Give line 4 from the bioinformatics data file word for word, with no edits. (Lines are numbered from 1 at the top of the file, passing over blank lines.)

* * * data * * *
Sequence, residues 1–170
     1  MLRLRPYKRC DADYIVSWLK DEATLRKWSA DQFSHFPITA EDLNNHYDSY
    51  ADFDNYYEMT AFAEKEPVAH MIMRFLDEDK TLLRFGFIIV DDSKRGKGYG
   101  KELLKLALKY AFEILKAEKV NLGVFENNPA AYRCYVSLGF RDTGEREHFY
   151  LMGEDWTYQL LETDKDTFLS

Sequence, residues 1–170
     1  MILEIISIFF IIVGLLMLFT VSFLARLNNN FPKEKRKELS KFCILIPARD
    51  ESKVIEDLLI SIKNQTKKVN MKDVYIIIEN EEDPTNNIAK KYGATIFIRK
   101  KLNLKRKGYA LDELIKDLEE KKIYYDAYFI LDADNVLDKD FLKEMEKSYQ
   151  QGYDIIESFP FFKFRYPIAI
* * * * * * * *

   101  KELLKLALKY AFEILKAEKV NLGVFENNPA AYRCYVSLGF RDTGEREHFY